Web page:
Objectives: The researchers analyzed the relative influences of socio-demographic characteristics, parenting
hardships, and social support on the mental health of single parents. Methods: This study used data from
the 2012 Single-Parent Family Survey collected by the Ministry of Gender Equality and Family. Results:
In regard to the mental health of single parents, women fared more poorly than men, and temporary
employees, or day-workers, and unemployed people were much more vulnerable. Regarding parenting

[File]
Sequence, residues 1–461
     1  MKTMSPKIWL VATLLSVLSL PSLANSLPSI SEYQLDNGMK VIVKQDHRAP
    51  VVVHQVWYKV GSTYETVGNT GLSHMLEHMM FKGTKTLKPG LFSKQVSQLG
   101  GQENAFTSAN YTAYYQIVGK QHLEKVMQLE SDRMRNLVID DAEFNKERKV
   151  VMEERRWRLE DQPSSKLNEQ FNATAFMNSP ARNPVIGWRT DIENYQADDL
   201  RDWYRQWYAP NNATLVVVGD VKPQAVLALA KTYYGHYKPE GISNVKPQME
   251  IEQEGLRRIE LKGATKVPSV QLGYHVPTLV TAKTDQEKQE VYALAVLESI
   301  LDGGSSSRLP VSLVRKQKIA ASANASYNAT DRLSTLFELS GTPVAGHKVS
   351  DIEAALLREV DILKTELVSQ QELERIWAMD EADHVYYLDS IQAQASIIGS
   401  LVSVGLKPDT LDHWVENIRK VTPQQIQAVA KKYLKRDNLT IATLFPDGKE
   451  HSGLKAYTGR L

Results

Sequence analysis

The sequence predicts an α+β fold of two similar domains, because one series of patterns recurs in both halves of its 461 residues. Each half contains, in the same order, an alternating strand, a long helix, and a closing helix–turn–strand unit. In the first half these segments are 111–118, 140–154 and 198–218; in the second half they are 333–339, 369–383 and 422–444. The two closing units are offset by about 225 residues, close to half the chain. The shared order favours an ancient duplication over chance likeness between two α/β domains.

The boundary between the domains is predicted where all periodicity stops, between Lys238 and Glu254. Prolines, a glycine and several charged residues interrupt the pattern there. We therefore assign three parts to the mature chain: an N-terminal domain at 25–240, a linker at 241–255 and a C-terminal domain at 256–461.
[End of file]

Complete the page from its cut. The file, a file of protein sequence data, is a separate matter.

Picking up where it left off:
hardships, women experienced more challenges than men in accessing academic resources and guidance.
Social networks for women were larger than those for men, and a significant gap was found between the
sizes of social support networks for permanent employees and those for the unemployed. The level of social
support had an overall positive impact on mental health. Conclusions: The mental health of female single
parents was negatively affected by a lack of both academic and daily-life guidance; in comparison, the
mental health of male single parents was negatively affected only by a lack of academic guidance. There
was a statistically significant positive effect of social supports on female single parents.